But then, back at the road blockage where I had begun, there was Jared, work gloves on, chainsaw revved, stepping in to cut up the trees that had pinned Ron’s Jeep. The road supervisor was warning him off because of the wires, and it may have come to a chest-bumping power struggle, had I not come flailing at Jared howling his name. He set the chainsaw down and as soon as his arms were around me, I was sobbing. The supervisor turned away. Still snapping pictures, Ron didn’t even notice. Ted lingered by his car, watching our embrace, looking, I thought, as if he would like to masturbate.
I led Jared back down through the field and over the trees to check out our house. He had cigarettes. Now that I was not alone, my strange elation returned. We smoked and marveled at a dense congregation of pines, their tops all snapped at the same height. We mourned the old post office, its roof caved in under branches. And we tracked a domino-cascade – “this one fell into that one which fell into that one” – all the way to the tree that had crushed our car and porch. When Jared shook his head in horror at the wreckage, I felt proud.
On the circuitous drive back to his house, I picked off ticks and the adrenaline faded. As he swerved around limbs and live wires, I nodded off. He poured me a drink and went out to start his generator, then I tried again to call Brett and fell asleep again in a chair. When I woke up, Jared was darting around the house in a bathrobe, all wet and clean. We were going out to dinner, he announced, with his new girlfriend. He gave me detailed instructions on how to bathe in the bathroom sink, since there was no hot water, and when I emerged, the girlfriend had arrived and they were making out. I poured myself another drink.
Jared had talked Gabby up to me and Brett, but words like “chill”, “fucking funny as shit”, “grown-up” and “gets people” are no substitute for direct experience. Minutes into our ride, Gabby told me about getting pulled over for speeding a bunch of times way too close together, and how shitty it made her feel about herself, like this illusion she’d had of respectability and stability had been shattered and she was hurtling into total chaos. I knew that feeling, but had been too ashamed to spell it out to myself, much less to a total stranger sitting in the back seat.
In the half of Sullivan County that still had power, we found dinner and yammered until they kicked us out. By candlelight back at home, Jared and Gabby told stories about her three-year old son, whose gentle temperament Jared insisted was Gabby’s doing, but she, more humbly, attributed to luck. Commiserating over humiliating jobs and fraying marriages, it felt just like I was with my older sister, never mind that Gabby was twenty years younger. She had been through some shit in life, but it looked like she was going to be okay. Both of those things made me feel safe.
In the morning, after she had gone to work, Jared cooked me breakfast and I went on about how great she was. I knew that he’d told me this before, but I felt like he didn’t quite get it as fully as I did. There was no way anyone else could like Gabby as deeply as I did, not even her boyfriend.
To cancel all those just-made plans and phone dates, I pasted Jared’s best worst picture of the house and car into a series of tone-deaf emails and re-forgot my loved ones. Gabby had warned me that it was better to empty a powerless fridge sooner rather than later (as she’d learned the hard way during February’s blizzard), so I borrowed Jared’s boss’ wife’s Range Rover and re-entered Storm-World eagerly.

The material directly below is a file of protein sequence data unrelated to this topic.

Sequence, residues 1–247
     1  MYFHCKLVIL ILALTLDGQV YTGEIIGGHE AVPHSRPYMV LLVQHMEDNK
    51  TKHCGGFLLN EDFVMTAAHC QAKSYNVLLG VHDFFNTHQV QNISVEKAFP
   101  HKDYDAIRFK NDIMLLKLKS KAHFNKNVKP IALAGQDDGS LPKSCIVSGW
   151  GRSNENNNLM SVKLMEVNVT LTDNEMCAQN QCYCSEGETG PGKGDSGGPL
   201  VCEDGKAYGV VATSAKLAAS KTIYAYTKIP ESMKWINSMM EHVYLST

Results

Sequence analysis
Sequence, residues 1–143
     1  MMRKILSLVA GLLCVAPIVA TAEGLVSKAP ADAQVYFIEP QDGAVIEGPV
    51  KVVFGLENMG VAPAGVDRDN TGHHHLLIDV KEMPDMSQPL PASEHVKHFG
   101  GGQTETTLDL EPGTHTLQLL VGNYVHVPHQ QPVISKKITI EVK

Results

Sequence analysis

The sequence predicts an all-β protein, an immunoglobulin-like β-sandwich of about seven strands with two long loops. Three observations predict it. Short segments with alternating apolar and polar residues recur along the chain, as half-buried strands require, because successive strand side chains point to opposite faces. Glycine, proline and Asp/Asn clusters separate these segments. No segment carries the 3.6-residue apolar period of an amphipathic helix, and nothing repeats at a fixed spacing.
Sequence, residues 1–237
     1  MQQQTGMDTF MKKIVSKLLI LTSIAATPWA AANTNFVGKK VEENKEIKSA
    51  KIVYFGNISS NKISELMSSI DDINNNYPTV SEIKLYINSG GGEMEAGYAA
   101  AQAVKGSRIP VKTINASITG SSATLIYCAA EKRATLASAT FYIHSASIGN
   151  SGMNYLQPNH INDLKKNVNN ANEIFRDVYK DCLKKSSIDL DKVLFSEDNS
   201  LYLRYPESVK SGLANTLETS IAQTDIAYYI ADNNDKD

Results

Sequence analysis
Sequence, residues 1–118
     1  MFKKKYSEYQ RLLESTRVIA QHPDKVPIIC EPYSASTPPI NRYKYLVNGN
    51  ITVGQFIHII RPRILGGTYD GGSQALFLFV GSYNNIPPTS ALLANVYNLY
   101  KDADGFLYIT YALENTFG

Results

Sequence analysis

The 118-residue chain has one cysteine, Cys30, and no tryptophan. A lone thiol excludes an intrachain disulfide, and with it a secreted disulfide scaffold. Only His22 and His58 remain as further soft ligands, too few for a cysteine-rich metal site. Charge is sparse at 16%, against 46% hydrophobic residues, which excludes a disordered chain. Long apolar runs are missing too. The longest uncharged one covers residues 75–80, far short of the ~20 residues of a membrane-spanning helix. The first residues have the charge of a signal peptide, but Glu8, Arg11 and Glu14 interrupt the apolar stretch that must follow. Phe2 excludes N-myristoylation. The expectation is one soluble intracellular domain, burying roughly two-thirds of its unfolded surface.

I bumped through swampy ditches and swerved around falling branches and inched under low-dangling wires. But all I could do was circle our house from a distance. There was no clear route. I drove for hours, pumped up on the thrill of chaos. The more I drove, the less I really wanted to get anywhere.
At the end of our very long road, my last possible point of ingress, I spotted our neighbor George, out for a stroll to survey the damage. George’s house looks more like an ancient barn, and it’s never been clear what basic services and amenities he has inside. He must be in his eighties; he’s tan and squat, with twinkling eyes and one or two teeth. He sported a jaunty get-up: flip-flops, baggy shorts, collared shirt under a cardigan, colorful umbrella. George has always had a tender and unguarded intimacy with me and Brett, and for a while we thought we were special, but then our other neighbor told us he’s like that with everybody.
When he heard I was heading home to deal with the fridge, he lit up. It seemed George had a refrigeration problem himself: our direct neighbors the Hulls had been letting him keep a freezer full of frozen dinners in their basement, in exchange for keeping an eye on the place while they aren’t home. A day in, George imagined, all the dinners were melting. And since he only had a crappy little hatchback that couldn’t possibly make it, could he ride down there with me, gather up the dinners and take them over to his cousin’s in Lake Huntington, where the power was back on? I tingled with delight: now my adventure had an altruistic purpose, and I had a companion.
George thrilled at the Range Rover’s power. When the route seemed blocked, he egged me on to cut through a yard. “What choice do we have?! It’ll grow back!” A bit later, he grew somber. He worried that the planet had entered a cycle of unending extreme weather, and then he said this: “The two things left in my life that I enjoy, the storm has ruined them both.”
The first thing was his “little water system” that I had never heard about before: a homemade spring/pump contraption that carried creek water to his garden and/or house. He took great pride in having invented it and savored long afternoons perfecting its operation. But now, the whole thing was buried and likely crushed under trees. And the farmers with chainsaws up the road were going to be too busy for weeks to come help. I almost volunteered Jared and his chainsaw, or maybe, even better, George and I should just drive over to Home Depot in Pennsylvania and buy a pair of chainsaws for ourselves.